Once every couple of years, there’s this epic trip you take, and it totally changes the way you see yourself in the world, and what travel really means to you. And sometimes, these are not the trips that take you around the other side of the world, but right there in some neighboring country.
Rediscovering places that I thought I knew well has always been a passion of mine. I don’t really like to go back to the same place over and over, and visit the same five restaurants. Because most of the places and countries have much more to offer, and one of these favorite countries to visit and get deeper into is Croatia.
A country of a magnificent coastline, clear waters and hundreds of islands of all sizes, Croatia is a never-ending story for a traveler. Every European visits this country at least once during childhood, then again later with friends for a spring break, then for camping holidays, later for romantic getaways with the girlfriend. And every time, we go to different places. And after the twentieth time or so, when I thought I’ve seen it all, I do a completely different kind of holiday, and started to open my eyes: I went to visit Croatia with a sail boat.
Boat people usually tell you that any country looks completely different when you visit it by boat. Nothing could be more precise in Croatia, where a large part of the country is even out of reach when you’re not on a boat.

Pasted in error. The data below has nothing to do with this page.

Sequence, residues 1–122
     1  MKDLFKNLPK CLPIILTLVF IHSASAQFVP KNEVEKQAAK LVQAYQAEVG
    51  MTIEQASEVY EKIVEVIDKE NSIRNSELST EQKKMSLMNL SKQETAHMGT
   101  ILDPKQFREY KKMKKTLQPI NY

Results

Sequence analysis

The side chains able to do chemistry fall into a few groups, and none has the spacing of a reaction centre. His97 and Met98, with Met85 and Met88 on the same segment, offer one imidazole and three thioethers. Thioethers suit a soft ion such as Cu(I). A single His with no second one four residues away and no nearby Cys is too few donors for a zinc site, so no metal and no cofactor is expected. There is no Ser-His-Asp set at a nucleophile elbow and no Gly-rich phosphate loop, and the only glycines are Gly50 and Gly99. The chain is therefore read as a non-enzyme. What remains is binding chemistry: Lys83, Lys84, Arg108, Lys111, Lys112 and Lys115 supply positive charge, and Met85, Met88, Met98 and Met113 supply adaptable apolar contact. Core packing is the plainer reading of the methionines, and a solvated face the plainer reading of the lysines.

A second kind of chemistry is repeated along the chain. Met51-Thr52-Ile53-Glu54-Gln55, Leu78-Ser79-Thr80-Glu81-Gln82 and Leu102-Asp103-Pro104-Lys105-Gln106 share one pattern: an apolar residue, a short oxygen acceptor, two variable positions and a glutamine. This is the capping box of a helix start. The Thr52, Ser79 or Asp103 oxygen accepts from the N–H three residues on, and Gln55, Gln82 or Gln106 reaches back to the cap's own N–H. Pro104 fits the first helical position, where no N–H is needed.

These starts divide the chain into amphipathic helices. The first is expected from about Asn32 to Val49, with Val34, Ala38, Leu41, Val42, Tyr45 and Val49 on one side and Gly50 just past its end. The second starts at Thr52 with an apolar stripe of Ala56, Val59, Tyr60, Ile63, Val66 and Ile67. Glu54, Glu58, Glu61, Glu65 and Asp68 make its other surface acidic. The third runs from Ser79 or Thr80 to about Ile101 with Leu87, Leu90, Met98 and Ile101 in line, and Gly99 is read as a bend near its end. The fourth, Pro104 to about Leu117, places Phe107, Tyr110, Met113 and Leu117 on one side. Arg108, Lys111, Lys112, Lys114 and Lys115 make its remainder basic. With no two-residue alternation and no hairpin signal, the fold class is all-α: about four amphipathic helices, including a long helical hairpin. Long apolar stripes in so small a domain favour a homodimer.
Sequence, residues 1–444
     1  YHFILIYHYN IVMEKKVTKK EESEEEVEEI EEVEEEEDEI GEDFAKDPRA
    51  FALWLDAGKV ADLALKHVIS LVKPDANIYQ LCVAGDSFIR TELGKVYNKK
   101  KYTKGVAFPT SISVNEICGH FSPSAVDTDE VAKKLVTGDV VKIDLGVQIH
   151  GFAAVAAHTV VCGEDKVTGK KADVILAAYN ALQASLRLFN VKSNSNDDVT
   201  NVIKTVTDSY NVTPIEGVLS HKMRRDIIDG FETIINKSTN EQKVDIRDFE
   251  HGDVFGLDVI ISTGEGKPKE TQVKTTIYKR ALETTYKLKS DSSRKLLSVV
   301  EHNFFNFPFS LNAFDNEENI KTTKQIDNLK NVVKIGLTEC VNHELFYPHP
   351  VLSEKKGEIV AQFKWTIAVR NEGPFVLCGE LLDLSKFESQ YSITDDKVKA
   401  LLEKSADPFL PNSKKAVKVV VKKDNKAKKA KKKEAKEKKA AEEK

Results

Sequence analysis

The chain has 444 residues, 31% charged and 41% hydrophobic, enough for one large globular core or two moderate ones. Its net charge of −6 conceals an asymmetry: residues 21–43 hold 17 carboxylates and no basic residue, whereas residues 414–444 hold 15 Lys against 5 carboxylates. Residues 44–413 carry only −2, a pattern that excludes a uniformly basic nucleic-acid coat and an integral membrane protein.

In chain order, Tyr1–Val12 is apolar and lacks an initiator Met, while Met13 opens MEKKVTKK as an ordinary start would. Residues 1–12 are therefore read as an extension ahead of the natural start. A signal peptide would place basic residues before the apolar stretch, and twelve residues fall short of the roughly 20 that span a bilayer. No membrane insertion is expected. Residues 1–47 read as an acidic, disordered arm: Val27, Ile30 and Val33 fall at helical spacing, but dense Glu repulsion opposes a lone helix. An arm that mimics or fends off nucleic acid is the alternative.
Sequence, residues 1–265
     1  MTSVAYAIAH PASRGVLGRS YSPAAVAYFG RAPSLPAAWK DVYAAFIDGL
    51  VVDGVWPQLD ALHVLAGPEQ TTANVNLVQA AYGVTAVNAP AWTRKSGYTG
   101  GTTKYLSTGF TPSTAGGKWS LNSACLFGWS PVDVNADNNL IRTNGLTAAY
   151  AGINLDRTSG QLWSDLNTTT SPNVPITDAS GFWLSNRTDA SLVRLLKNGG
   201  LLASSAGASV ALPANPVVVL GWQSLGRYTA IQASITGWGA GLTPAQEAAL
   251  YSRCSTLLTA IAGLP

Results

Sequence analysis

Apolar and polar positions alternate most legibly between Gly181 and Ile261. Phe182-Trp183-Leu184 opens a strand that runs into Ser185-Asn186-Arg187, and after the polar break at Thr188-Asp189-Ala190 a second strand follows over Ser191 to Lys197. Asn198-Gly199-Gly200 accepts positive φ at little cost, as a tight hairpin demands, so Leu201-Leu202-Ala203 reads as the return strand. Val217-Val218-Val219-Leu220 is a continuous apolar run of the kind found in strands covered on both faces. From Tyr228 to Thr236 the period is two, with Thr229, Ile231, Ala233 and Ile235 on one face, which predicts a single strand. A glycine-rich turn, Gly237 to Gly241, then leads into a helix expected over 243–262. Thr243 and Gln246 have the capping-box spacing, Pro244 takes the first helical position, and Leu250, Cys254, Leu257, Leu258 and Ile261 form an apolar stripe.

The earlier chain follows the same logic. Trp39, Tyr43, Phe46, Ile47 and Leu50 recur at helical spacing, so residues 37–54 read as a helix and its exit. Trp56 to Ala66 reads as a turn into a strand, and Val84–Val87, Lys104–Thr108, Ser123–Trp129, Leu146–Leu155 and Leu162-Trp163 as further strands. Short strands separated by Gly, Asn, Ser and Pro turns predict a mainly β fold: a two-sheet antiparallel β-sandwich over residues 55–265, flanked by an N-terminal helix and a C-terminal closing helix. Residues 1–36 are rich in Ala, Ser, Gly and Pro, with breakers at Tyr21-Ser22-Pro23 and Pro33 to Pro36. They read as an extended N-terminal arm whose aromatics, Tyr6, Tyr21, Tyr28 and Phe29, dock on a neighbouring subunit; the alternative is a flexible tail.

In the last decade, Croatia has experienced an unparalleled investment bonanza that built up a whole yachting ecosystem. Marinas were constructed almost everywhere, small towns were nicely renovated and port infrastructure was improved. Boat charter agencies brought tens of thousands of sailboats and motor yachts into the country, and oceanfront restaurants were busy placing floating buoys in the waters in front. Welcome to yacht capital, Europe.
From the northerly medieval towns of Rovinj and Pula, down via Losinj, Krk, Sibenik, the Kornati Islands and Split to the southernmost city, Dubrovnik – few countries worldwide have more to offer to the sailor man than Croatia. You could moor up in a different medieval old town every night, spend the day anchored in a turquoise bay on a deserted island, and eat oceanfront lunches in front of your favorite Konoba while your boat is safely moored to a buoy – and spend a month doing just that.
We have done different sailing itineraries, which will be featured in separate articles. In one of them we toured the pretty Kornati Islands around Sibenik and Murter, spending the night on a buoy way out on the barrier islands, watching the stars and photographing the milky way at night, visiting small historic towns by the day and taking lots of sunshine on smooth sailing in between the islands.
Another tour took us around the old towns of Primosten, Rogoznica and the islands around there.
Yet another larger itinerary will set sail in a few weeks, going south until the island of Vis and Hvar, discovering some unseen Kornati island getaways, and trying some of the best seafood restaurants of the country. Stay tuned.